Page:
Saraswati, the goddess of knowledge, music, art, wisdom, and nature, represents the free flow of wisdom and consciousness. She is the mother of the Vedas, and chants directed to her, called the ‘Saraswati Vandana’ often begin and end Vedic lessons.
Saraswati is the daughter of Lord Shiva and Goddess Durga. It is believed that goddess Saraswati endows human beings with the powers of speech, wisdom, and learning. She has four hands representing four aspects of human personality in learning: mind, intellect, alertness, and ego. In visual representations, she has sacred scriptures in one hand and a lotus, the symbol of true knowledge, in the opposite hand.
With her other two hands, Saraswati plays the music of love and life on a string instrument called the veena. She is dressed in white—the symbol of purity—and rides on a white swan, symbolizing Sattwa Guna (purity and discrimination). Saraswati is also a prominent figure in Buddhist iconography—the consort of Manjushri.
Learned and the erudite individuals attach great importance to the worship of goddess Saraswati as a representation of knowledge and wisdom. They believe that only Saraswati can grant them moksha—the final liberation of the soul.
Saraswati’s birthday, Vasant Panchami, is a Hindu festival celebrated every year on the fifth day of the bright fortnight of the lunar month of Magha. Hindus celebrate this festival with great enthusiasm in temples, homes and educational institutes alike. Pre-school children are given their first lesson in reading and writing on this day. All Hindu educational institutions conduct special prayer for Saraswati on this day.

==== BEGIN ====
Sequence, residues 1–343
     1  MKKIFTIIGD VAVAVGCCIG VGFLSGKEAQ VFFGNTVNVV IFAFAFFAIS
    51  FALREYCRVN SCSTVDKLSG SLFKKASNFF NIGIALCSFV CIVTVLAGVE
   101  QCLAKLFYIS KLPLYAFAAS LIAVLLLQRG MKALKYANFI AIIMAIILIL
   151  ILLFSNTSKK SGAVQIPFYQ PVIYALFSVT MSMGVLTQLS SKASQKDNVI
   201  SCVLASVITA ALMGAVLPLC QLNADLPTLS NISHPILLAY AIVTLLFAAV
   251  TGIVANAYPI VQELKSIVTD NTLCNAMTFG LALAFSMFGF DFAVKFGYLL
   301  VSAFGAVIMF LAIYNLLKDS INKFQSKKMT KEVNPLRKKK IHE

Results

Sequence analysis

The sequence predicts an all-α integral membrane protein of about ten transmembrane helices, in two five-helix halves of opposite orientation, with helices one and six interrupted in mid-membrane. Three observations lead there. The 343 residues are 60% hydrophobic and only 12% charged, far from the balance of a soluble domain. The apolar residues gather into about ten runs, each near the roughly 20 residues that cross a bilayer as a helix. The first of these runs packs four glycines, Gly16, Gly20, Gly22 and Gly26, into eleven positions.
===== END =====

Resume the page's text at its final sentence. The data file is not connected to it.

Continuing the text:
The following popular pranam mantra, or Sanskrit prayer, is uttered by utmost devotion by Saraswati devotees as they eulogize the goddess of knowledge and arts:
Om Saraswati Mahabhagey, Vidye Kamala Lochaney |
Viswarupey Vishalakshmi, Vidyam Dehi Namohastutey ||
Jaya Jaya Devi, Charachara Sharey, Kuchayuga Shobhita, Mukta Haarey |
Vina Ranjita, Pustaka Hastey, Bhagavati Bharati Devi Namohastutey ||
The beautiful human form of Saraswati comes to the fore in this English translation of the Saraswati hymn:
“May Goddess Saraswati,
who is fair like the jasmine-colored moon,
and whose pure white garland is like frosty dew drops;
who is adorned in radiant white attire,
on whose beautiful arm rests the veena,
and whose throne is a white lotus;
who is surrounded and respected by the Gods, protect me.
May you fully remove my lethargy, sluggishness, and ignorance.”
What is the “Curse of Saraswati”?
When education and artistic skill becomes too extensive, it can lead to great success, which is equated with Lakshmi, goddess of wealth and beauty.
As mythologist Devdutt Pattanaik notes:
“With success comes Lakshmi: fame and fortune. Then the artiste turns into a performer, performing for more fame and fortune and so forgets Saraswati, goddess of knowledge. Thus Lakshmi overshadows Saraswati. Saraswati is reduced to Vidya-lakshmi, who turns knowledge into vocation, a tool for fame and fortune.”
The Curse of Saraswati, then, is the tendency of the human ego to drift away from the purity of the original devotion to education and wisdom, and toward the worship of success and wealth.
Saraswati is also the name of a major river of ancient India. The Har-ki-dun glacier flowing from the Himalayas produced the Saraswati’s tributaries, Shatadru (Sutlej) from Mount Kailas, Drishadvati from Siwalik Hills and the Yamuna. The Saraswati then flowed into the Arabian Sea at the Great Rann delta.
By about 1500 B.C. the Saraswati River had dried up in places, and by the late Vedic Period, the Saraswati ceased to flow entirely.
Copyright © 2018 SEAN-O-VISTA
Powered with By Wi-Mikandra